Top 10 Signs that Paul McCartney Actually Died in 1966

Leading internet sources will tell you that Paul McCartney, composer and bassist of the Beatles, lived 18 June 1942-present. But if you believe the rumors, he actually died in 1966 and the present “Paul” is a lookalike. Some cite the “Frog Song” as evidence that he’s a different person to the one who wrote “Yesterday”, but as with most conspiracy theories, there’s more to it if you dig a little. According to some, there’s a wealth of evidence that Paul is dead. And so we present the Top 10 Signs that Paul McCartney Actually Died in 1966.


10. “The Walrus was Paul”

Here’s a bit of a disappointing one to start with – the clue comes from “Glass Onion” on the White Album, when John sings – “well here’s another clue for you all/The walrus was Paul”. Theorists got excited over the mention of Paul in the lyrics and rumors started flying that walrus was a Scandanavian word, meaning death. Unfortunately, a little digging reveals that the word is derived from the Old Norse “rosmhvalr”, which means…walrus. Sorry folks!


9. Billy Shears

This clue all ties in with the man that was said to have replaced Paul – William Shears Campbell, winner of the 1965 Paul lookalike competition. When the band are announcing the arrival of Billy Shears at the start of Sgt Pepper, they are actually introducing the new version of Paul. It’s also a bit of wordplay, as “Billy Shears” can be willfully misheard as “Billy’s here.”

Apparently, a picture of the real Billy (above) appears on the poster that was given away with the White Album, and he had plastic surgery to look more like the real Paul. Still, die-hard fans claim to notice differences between Paul and William, whom they christened “Faul”. Some even say that there is a 2-inch height difference and the color of his eyes has changed. As recently as 2010, things “Faul” said in interviews were still being picked apart for discrepancies.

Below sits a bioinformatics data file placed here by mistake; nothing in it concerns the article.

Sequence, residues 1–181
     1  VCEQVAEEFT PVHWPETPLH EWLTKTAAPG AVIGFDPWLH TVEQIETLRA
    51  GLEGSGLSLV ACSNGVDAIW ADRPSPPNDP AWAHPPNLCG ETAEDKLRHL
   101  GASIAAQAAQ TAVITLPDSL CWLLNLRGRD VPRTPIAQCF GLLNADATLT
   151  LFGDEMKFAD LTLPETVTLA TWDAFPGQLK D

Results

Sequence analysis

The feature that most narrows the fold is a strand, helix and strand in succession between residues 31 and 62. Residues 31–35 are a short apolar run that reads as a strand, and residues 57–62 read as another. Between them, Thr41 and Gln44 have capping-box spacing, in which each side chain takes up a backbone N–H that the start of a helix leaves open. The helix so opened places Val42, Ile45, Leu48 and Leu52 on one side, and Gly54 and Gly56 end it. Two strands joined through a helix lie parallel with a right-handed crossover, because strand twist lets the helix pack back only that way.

8. Magical Mystery Tour Cover Art

An obscure one next, from the fittingly obscure Magical Mystery Tour EP. On the cover, the word “Beatles” is spelled out in stars, but if you put a mirror up to it, it comes up with a number – 2317438. What’s the significance of the number? It’s meant to be the telephone number of a London mortuary, but there’s no evidence that anyone ever called this number to find out.

The clues don’t end there though – there’s a cartoon of Paul, with a cracked head, labelled “The Fool on the Hill”. There’s a picture of all 4 Beatles where Paul is wearing a black carnation, and the others are wearing red. And then there’s a picture of Paul, sitting in front of a poster that says “I was”. Enough for you yet? Don’t worry, there’s more to come….


7. Revolution 9

This track from the White Album is largely inexplicable, with its strings of gibberish, strange noises and Yoko Ono droning “number 9” over and over again. But again it contains clues that point to Paul’s demise. Lyrics like “his voice was low and his eye was high and his eyes were closed” and “intended to die” are meant to refer to Paul, but the real giveaway is when you play it backwards. There’s the noise of a car crash, a scream and then the repeated phrase “turn me on dead man”. It seems there is some point to that track after all…


6. Lyrical Prophecy

A bit of a red herring next. Many conspiracy-theory sites list the lyric “I was alone I took a ride I didn’t know what I would find there” as another pointer, but the theory collapses under scrutiny. That line was taken from “Got to Get You Into My Life”, a track from Revolver (above). Revolver was released on 5 August 1966, a full 3 months and 4 days before Paul’s supposed accident. I think we can safely rule this one out, unless it was Paul singing about his own death. Now, that really would be spooky…

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